The Academic Staff Union of Universities has said it will meet with the Federal Government on Friday to avert another round of strike in federal universities.
The National President, ASUU, Prof Emmanuel Osodeke, told our correspondent that the union was invited by the Ministry of Labour to discuss issues surrounding the Memorandum of Action, which was signed with the Federal Government in December 2020.
The PUNCH had reported on Wednesday that the spokesman for the Ministry of Education, Ben Gong, challenged the union to be more specific in its allegations that the government had violated agreements it reached with the union.
He pointed out that the University Transparency and Accountability Solution, which was developed by ASUU, could not deduct tax.
However, Osodeke, explained the last time the union met with the government was around March/April, adding that it was the Minister of Labour, Dr Chris Ngige, who invited the officials to Friday’s meeting.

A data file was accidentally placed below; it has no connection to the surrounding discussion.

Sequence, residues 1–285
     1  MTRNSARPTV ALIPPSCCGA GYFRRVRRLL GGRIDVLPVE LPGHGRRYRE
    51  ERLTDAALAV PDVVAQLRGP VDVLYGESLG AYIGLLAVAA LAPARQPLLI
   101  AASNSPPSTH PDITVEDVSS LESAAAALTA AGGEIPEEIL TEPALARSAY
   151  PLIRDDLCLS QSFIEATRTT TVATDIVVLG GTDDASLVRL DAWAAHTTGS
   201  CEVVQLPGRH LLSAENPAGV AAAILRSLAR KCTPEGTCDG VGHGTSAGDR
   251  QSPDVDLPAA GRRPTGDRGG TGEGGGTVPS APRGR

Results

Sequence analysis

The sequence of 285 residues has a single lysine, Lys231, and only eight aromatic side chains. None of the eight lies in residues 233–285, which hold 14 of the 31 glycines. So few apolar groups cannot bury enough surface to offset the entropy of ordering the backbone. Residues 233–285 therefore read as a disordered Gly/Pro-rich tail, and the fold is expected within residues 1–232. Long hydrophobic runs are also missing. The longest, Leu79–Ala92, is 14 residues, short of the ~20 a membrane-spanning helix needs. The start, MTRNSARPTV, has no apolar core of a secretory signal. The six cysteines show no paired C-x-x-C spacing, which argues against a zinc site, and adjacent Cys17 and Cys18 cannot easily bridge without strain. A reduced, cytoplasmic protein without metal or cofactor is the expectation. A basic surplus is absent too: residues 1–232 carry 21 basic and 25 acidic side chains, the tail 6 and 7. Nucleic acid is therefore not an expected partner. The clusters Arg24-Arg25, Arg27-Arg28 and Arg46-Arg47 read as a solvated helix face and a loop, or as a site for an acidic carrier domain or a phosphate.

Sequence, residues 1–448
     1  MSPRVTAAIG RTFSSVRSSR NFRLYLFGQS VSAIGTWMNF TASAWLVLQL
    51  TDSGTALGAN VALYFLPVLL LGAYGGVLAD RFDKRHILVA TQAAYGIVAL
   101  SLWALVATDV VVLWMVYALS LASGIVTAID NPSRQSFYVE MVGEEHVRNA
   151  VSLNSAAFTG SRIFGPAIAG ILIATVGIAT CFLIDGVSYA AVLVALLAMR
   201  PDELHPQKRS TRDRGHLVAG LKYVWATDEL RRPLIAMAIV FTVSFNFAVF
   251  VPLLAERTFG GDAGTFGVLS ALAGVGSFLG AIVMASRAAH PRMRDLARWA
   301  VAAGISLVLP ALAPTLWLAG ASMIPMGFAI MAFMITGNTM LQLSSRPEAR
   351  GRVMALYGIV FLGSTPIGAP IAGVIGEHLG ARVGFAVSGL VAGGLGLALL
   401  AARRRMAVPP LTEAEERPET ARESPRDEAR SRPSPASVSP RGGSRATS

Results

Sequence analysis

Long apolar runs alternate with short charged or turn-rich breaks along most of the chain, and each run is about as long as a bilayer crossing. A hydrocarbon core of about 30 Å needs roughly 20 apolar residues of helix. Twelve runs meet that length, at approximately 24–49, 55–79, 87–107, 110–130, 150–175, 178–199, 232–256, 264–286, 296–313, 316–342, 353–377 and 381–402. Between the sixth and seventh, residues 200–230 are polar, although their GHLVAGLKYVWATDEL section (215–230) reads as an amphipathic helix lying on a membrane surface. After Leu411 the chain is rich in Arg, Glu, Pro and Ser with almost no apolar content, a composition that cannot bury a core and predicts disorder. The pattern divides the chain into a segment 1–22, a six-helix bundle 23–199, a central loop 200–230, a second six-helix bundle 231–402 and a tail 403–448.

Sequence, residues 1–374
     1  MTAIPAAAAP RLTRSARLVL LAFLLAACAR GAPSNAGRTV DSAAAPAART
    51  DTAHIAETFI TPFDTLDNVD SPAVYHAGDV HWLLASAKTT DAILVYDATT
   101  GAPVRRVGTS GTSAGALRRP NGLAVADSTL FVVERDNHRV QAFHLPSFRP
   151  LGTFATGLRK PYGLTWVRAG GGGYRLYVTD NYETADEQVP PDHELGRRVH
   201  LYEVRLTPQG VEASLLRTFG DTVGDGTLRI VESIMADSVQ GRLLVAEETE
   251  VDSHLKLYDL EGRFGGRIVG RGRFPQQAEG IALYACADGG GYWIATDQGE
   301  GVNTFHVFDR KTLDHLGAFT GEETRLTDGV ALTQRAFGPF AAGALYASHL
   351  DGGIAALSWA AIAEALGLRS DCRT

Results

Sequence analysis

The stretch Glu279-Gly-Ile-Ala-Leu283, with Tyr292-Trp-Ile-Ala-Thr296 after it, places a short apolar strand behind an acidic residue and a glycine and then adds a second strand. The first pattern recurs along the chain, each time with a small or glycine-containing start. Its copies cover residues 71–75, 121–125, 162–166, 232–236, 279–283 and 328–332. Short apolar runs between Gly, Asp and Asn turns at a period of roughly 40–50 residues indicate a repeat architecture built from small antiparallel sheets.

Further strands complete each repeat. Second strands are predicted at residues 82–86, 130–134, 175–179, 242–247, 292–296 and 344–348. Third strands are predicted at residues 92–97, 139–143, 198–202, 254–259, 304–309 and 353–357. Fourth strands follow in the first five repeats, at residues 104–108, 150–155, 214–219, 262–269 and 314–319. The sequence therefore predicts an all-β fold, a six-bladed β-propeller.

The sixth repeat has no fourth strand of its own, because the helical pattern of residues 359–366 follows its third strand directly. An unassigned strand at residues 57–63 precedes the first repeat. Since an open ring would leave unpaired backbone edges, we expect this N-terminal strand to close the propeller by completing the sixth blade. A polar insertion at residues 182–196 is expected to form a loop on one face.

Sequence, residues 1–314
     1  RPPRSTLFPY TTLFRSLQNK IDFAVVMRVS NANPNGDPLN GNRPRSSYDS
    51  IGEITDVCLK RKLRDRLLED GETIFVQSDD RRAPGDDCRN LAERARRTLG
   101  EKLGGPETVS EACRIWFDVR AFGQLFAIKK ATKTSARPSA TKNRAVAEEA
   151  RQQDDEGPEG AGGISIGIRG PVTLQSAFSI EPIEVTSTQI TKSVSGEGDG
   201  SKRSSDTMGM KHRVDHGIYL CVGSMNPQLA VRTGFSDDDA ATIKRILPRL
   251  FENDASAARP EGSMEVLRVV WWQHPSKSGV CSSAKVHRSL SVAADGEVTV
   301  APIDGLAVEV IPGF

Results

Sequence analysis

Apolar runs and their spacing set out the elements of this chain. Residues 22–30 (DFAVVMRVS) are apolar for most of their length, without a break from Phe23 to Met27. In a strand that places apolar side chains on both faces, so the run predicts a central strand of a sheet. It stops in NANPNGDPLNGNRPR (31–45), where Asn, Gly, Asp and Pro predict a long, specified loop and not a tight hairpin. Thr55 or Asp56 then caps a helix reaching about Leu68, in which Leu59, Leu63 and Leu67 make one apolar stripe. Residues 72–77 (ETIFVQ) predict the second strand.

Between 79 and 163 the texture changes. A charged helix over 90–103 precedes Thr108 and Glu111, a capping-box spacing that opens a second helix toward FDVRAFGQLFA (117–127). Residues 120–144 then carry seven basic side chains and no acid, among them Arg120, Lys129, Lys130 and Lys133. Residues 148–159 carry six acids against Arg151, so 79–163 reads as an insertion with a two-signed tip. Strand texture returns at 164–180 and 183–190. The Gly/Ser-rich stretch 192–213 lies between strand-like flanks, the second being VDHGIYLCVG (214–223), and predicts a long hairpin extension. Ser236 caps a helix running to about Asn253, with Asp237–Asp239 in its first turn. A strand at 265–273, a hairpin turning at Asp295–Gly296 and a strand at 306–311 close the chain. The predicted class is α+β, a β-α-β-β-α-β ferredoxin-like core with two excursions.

He said, “The Ministry of Education, which is our ministry, has not called us to any meeting since we signed the Memorandum of Action. But the Ministry of Labour, which is just an intervention ministry, around March/April called us to a meeting in which we discussed and they promised to implement all those things.
“Three weeks ago, we met with the Minister of Labour, who said we should give him two weeks and he has finally invited us to a meeting on Friday. The spokesman for the Ministry of Education, Goon, has hatred for this union; he just pushes out lies without consulting. Ask him when you see him, has the ministry ever invited us since the MoA was signed to say they have done this and couldn’t do that?”
Osodeke said ASUU never said it would go on strike, but was calling on the government to do the needful.
“I have not mentioned strike; what we have said is that we have issues, which the Federal Government has not resolved and I hope that they will resolve them before the next ASUU NEC meeting in August, where we will decide on what to do. I have not used the word strike. It is when NEC meets that we will decide on what to do, but it seems that the press and Nigerians always interpret it as a strike,” he added.